The price could be as high as pounds 500m, according to City sources. The key player will be Evelyn de Rothschild, whose family bank NM Rothschild holds 25.9 per cent of Smiths.
It is understood that Rothschilds had not yet been approached by yesterday evening, which sources close to the talks suggest means a deal is still some days away.
The acquisition would place Merrill on a par with SBC Warburg in the competition for lucrative European privatisation mandates, an area in which the $20bn Wall Street colossus has been weak so far.
Commerzbank is keen to follow its bigger rivals Deutsche and Dresdner who have recently concentrated investment banking activities in London. Commerzbank bought London fund management company Jupiter Tyndall two months ago.
SNC said it expected an offer, if one was agreed, to be pitched at a small premium to the "current ordinary share price" which was about 522p at the time of the statement. Taking into account SNC's different types of shares, this would value the company at about pounds 490m.
The shares closed up 20p at 511p yesterday after intitially surging to 536p on the news.
The market has been buzzing with bid rumours for SNC for the past few weeks. But NM Rothschild's 25.9 per cent stake has been a stumbling block, since Evelyn de Rothschild has so far been unwilling to sell.
Analysts said the proposed price for SNC represented full value for the company which has had an excellent earnings record in recent years. Profits fell from pounds 95.2m to pounds 31.2m last year, but analysts saw this as an adequate result considering the tough market conditions of 1994. The company, based in London's Farringdon Road, still managed to increase its dividend from 10p to 11p.
Anyone buying SNC would obtain a significant equities presence in Europe, the US, Far East and South Africa.
Both Merrill Lynch and Commerzbank refused to comment. But sources close to the talks confirmed the two were in serious negotiations.
Phoenix Securities, a small London corporate finance boutique, is handling the talks on behalf of SNC.
Michael Marks, who succeeded Sir Michael Richardson as SNC chairman at the beginning of the year, has made clear in the past his view that the future belongs to global, integrated securities houses with plenty of capital.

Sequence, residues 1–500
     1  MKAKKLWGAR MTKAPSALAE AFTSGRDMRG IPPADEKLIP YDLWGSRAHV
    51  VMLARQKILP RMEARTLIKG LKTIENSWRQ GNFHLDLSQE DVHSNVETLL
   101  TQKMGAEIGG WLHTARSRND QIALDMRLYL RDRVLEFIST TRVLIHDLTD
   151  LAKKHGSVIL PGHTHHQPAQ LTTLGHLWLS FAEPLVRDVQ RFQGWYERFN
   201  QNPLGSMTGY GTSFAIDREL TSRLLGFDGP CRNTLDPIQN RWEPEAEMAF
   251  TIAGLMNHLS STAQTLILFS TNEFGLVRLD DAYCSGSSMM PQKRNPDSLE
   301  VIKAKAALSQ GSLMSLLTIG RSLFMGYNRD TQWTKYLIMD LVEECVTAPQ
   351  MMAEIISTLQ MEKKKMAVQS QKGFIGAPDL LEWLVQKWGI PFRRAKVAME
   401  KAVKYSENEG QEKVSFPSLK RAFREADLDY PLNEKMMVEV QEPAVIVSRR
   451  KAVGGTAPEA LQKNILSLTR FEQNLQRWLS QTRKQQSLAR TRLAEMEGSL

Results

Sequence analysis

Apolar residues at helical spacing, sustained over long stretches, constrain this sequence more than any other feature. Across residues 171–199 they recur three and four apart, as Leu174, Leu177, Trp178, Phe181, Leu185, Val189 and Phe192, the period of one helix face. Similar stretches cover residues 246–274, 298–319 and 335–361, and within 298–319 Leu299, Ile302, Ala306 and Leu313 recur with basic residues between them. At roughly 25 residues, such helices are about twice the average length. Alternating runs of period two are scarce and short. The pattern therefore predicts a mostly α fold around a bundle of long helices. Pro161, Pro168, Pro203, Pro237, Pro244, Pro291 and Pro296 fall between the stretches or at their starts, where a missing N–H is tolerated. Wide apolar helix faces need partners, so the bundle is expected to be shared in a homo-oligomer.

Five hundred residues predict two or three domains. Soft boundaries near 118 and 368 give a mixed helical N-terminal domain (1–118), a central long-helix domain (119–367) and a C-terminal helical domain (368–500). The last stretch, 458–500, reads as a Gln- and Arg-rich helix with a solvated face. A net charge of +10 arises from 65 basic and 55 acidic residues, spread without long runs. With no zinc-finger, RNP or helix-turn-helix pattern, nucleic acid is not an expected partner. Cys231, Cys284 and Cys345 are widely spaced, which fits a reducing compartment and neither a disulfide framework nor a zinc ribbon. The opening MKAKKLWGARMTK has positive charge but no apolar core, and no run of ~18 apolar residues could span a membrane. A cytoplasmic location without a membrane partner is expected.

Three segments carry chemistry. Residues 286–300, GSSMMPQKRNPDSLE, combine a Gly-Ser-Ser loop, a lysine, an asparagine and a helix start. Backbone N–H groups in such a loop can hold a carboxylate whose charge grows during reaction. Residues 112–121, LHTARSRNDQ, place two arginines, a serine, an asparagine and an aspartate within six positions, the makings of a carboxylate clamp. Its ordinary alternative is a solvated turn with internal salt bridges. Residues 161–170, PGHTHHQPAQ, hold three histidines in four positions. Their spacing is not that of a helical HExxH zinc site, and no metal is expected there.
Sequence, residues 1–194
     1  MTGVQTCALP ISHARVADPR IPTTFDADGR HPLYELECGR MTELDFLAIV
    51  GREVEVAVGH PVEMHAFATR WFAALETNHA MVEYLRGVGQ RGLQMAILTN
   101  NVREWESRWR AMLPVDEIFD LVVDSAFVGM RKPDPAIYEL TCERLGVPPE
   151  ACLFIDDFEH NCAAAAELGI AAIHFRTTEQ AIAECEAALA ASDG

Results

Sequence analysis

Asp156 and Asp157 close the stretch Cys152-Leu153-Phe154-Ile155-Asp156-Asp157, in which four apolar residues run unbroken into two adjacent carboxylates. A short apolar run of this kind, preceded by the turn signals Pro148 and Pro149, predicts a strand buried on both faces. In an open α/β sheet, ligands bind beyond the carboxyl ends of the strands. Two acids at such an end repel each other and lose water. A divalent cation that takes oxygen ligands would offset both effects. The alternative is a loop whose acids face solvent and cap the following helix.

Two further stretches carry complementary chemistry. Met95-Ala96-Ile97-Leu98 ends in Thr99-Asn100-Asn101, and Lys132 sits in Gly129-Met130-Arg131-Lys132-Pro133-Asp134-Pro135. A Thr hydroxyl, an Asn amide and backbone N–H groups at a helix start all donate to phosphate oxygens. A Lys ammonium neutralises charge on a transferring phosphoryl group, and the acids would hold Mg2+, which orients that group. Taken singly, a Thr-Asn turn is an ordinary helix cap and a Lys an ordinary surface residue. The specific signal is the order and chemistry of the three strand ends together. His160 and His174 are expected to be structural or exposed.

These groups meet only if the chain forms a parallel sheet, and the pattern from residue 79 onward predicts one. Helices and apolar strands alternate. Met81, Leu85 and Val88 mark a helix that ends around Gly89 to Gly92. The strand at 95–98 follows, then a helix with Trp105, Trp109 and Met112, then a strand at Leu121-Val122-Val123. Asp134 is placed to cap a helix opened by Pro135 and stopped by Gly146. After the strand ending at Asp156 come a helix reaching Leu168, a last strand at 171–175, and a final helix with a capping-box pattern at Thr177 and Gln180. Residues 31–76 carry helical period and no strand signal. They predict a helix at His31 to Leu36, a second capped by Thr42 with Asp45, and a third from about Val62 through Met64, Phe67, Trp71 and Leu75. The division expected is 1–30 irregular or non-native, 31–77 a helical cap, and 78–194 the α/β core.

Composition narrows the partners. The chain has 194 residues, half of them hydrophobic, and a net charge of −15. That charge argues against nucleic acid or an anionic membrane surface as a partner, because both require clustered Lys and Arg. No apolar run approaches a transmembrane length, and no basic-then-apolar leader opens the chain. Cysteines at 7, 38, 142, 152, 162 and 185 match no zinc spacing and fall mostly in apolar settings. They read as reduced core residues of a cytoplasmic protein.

Merrill Lynch, nicknamed the "thundering herd", has a market capitalisation of over $8bn, employs 44,000 and is by far the biggest Wall Street securities house. SNC by contrast employs just over 1,500 people.
Commerzbank is one of Germany's big universal banks, but like its main rivals, Deutsche and Dresdner, lacks investment banking expertise and international reach. It has a small operation in London and appears to be keen to catch up.
The London markets have been tipping Commerzbank as a possible bidder for SNC since last autumn.
Yesterday morning the markets tipped three American houses to buy Smiths - Morgan Stanley, Bear Stearns and Smith Barney. The first two issued statements saying they were definitely not interested, while Smith Barney declined to comment. Smith Barney boss Sandy Weil is said to be still smarting from his failed attempt to buy Barings, which went to Dutch bank ING.
Analysts speculated that rival bids could be flushed out by yesterday's events. Schroders, long rumoured as a possible suitor, yesterday denied it was in talks.
Chairman: Daniel P. Tully
Chief Operating Officer:
David H. Komansky
Assets under management:
Total stockholders' equity:
Operations: Corporate finance,
Ranked first in
poll for bond
The Thundering Herd
September 1994 Deutsche Bank bases investment banking in London
ING buys Barings
Commerzbank buys Jupiter Tyndall
Swiss Bank Corporation buys SG Warburg
Dresdner Bank buys Kleinwort Benson
Westdeutsche Landesbank announces big equities expansion in London
NM Rothschild & Sons
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